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Musings on Nature blog

Night Sky Blues

We often don’t miss something until it is gone. One of the things I miss is seeing the stars at night. Sure, you can see some stars, but not the multitude I remember as a kid when the Milky Way blazed across the sky like a well-marked roadway. Unfortunately, many of our Arkansas children have never seen this marvel of the night sky. Reducing light pollution — a waste product of our age of abundant, cheap energy — is one way we could conserve electricity and make the transition to electric vehicles go a bit easier.

Satelites of the Very Large Array
NIGHT SKY EYE — Astronomers seek out places with dark skies to do their work. Even the radio telescope dishes at the Very Large Array in New Mexico benefit from the isolation. (Image courtesy Gerald Klingaman.)

I write this from a small ranch in central New Mexico where the wintertime night sky is a thing to behold. The stars that make up the various constellations stand out with such brilliance it is easy to see why the ancients gave them such fanciful names. The Milky Way rides across the night sky as I remember it from my childhood days.

Just a few miles down the road is the Very Large Array, a collection of 27 25-meter satellite dishes that were placed here in the 1970s because of the location’s remoteness. These dishes comprise the largest radio telescope in the world. Light pollution doesn’t interfere with their reception but even faint electronic signals our modern society produces can interfere with the weak signals they intercept from space. Were the night sky lit up with stray light from nearby cities, the facility would probably be too close to modern civilization to function properly.

Light pollution mainly comes from outdoor lighting that has been a part of our world for several hundred years. The first street lighting was from gas lights that were promoted to make the streets safer. Then with the spread of electricity in the 20th century, outdoor lighting became so common it almost seemed normal. When my family installed electricity on our new farmstead back in the 1960s, the electric company gave us a “free” yard light, but their rules did not allow the thing to be switched off.

Light pollution falls into four distinct categories: glare, sky glow, light trespass and clutter. Glare is primarily associated with roadway safety when too much light is aimed in the wrong direction. Meeting a car with its high beams on at night is a good example. Sky glow is the cumulative effect of all the lights produced in a city that cast an orange halo into the sky at night. In such communities, only the brightest stars are visible at night.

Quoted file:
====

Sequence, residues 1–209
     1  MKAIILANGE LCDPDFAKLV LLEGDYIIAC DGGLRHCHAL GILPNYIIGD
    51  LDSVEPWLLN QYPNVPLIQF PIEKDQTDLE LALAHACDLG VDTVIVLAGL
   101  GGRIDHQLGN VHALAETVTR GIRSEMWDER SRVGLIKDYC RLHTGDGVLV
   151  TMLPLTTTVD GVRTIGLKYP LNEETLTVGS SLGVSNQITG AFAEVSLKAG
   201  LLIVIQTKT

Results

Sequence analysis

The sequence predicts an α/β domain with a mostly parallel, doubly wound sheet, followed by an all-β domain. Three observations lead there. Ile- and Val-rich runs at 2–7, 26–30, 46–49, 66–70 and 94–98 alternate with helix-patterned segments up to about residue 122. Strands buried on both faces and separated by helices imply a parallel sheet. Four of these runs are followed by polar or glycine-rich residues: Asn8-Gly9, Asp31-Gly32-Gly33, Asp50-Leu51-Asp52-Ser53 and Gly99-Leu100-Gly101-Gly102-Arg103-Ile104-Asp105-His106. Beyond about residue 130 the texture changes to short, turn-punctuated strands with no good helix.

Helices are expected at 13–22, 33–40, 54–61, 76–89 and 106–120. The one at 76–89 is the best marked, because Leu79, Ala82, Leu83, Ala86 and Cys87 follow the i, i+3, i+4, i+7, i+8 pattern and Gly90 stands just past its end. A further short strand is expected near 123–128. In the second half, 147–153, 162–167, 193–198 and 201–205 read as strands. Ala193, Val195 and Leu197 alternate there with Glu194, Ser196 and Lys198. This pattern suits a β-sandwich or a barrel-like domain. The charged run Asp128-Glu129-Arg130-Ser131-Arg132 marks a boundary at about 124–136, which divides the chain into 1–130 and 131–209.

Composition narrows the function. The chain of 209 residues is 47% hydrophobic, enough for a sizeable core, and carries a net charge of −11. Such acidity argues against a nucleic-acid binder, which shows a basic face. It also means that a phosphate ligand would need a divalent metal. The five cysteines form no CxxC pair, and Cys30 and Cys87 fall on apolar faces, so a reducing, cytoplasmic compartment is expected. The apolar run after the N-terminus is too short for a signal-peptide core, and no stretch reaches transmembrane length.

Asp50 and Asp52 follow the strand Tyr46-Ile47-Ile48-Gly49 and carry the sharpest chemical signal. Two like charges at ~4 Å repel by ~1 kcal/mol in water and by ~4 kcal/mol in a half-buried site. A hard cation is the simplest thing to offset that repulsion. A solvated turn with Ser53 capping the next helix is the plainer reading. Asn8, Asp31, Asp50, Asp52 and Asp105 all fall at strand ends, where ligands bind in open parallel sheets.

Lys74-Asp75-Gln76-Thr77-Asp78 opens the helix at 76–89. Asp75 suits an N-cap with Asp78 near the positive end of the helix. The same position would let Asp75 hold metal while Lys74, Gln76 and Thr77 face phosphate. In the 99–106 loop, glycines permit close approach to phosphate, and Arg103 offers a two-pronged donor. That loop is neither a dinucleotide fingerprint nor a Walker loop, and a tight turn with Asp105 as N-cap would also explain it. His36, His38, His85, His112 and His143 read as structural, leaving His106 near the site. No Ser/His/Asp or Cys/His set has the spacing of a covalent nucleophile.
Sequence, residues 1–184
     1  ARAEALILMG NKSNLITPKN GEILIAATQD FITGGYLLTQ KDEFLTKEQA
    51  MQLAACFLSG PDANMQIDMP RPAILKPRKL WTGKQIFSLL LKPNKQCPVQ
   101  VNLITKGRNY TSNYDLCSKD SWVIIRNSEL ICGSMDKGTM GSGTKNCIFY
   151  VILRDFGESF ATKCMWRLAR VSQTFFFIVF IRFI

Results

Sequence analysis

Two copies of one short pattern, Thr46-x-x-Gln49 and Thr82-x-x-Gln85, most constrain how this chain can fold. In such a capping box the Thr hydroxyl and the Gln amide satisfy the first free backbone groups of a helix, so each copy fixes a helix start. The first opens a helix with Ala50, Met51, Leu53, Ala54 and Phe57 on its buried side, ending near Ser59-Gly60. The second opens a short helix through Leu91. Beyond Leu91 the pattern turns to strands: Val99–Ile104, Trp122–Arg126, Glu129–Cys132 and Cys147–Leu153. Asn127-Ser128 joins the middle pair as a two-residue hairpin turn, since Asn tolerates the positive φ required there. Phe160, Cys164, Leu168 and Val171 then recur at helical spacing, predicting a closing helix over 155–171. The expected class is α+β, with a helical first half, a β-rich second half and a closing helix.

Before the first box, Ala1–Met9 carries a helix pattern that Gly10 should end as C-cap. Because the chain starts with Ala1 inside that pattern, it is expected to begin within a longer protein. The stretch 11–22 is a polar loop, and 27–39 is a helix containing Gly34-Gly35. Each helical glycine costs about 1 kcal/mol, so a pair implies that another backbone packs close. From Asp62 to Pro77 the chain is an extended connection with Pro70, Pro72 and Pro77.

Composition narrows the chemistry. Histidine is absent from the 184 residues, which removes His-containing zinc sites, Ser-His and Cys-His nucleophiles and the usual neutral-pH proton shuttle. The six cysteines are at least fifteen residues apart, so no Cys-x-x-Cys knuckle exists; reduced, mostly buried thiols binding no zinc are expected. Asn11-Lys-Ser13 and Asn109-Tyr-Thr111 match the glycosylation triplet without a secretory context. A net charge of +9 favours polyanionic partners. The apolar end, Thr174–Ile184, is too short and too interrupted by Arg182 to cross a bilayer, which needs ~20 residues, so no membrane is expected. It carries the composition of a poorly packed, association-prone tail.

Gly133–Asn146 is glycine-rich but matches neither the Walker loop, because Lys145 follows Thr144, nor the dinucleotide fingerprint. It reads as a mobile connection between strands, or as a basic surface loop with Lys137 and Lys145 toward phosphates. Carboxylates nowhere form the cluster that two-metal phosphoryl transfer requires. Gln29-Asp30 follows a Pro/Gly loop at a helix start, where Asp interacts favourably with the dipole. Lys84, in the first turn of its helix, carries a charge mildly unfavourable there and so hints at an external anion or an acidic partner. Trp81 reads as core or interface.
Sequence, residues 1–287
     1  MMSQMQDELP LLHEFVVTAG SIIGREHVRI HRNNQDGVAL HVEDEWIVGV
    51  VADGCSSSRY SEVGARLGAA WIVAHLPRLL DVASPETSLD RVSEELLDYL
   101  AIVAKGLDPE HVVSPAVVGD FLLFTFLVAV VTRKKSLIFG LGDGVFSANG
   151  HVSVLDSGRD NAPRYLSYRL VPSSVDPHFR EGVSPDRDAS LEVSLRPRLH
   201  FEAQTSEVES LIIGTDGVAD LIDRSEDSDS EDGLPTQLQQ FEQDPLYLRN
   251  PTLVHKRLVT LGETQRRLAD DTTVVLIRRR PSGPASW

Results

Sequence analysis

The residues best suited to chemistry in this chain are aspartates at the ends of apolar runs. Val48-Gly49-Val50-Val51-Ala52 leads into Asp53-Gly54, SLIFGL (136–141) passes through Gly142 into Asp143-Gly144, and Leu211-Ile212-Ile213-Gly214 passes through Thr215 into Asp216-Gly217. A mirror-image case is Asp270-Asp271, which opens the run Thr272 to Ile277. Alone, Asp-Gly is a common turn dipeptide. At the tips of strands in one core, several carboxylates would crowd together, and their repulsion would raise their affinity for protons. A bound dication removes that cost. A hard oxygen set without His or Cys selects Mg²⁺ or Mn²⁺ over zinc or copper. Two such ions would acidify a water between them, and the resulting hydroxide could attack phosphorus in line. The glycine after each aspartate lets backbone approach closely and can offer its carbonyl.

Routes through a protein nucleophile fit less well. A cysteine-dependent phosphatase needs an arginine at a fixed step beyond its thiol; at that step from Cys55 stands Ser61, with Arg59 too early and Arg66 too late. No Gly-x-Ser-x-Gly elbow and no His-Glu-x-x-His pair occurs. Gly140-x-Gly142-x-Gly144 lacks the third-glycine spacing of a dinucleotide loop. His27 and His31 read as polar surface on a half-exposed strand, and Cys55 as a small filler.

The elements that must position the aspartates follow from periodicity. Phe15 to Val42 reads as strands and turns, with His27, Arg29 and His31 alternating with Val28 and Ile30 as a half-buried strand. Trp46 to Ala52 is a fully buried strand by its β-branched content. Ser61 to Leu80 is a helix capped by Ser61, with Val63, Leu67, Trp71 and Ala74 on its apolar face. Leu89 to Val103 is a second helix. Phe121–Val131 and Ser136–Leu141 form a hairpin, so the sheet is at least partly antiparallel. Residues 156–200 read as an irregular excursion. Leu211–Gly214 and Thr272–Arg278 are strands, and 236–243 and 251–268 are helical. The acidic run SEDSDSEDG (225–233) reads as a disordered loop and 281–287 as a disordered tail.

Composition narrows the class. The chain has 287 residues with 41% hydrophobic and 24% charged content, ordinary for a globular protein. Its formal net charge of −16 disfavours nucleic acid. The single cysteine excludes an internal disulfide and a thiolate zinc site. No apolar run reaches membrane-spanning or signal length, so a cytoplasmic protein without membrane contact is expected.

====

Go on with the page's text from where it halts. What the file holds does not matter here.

Light trespass is when an adjacent property owner uses a too-powerful or improperly shielded light to illuminate their property and inadvertently disrupts the nighttime experience for their neighbors. Recently I’ve moved to the country and have had discussions with my neighbors about their too-bright LED floodlights that almost make it bright enough to read outside at midnight in my yard.

Light clutter is just that. While a fantasy land view of lighting displays might be interesting on the Vegas strip, it can be a bit off-putting in more mundane situations. Approaching Fayetteville at night via the new I-49 exchange when it was first built was a lovely experience, but then the baseball arena parking lot was outfitted with the largest, brightest lights known to man. Overnight the scene changed from beautiful and charming to an ugly glare, like an over-exposed image. Fortunately, since then they have toned it down a bit.

While lighting the streets to reduce crime and accidents is a logical concept, there is surprisingly little evidence to support this theory. In fact, some big cities have experimented with lighting alleyways and discovered that the crime rate actually increases with better lighting. Graffiti and other property crimes are often higher in well-lit areas, presumably because the spray paint artists can see what they are doing.

Some cities are beginning to require down-directed street lighting and beginning to address light trespass issues by changing their building code ordinances. Street lighting is expensive for cities, often accounting for as much as 50 percent of their energy bill. Retailers could reduce energy consumption by shutting off parking lot lights at night. We can all help by more thoughtful use of outdoor lighting. The easiest way for homeowners to reduce excess lighting is by switching off outdoor lights or installing motion detectors. This can provide a sense of security and allow for easier movement during the dark hours. Maybe we will never really see the stars shine as they used to but mindful choices of how we light our world will surely help.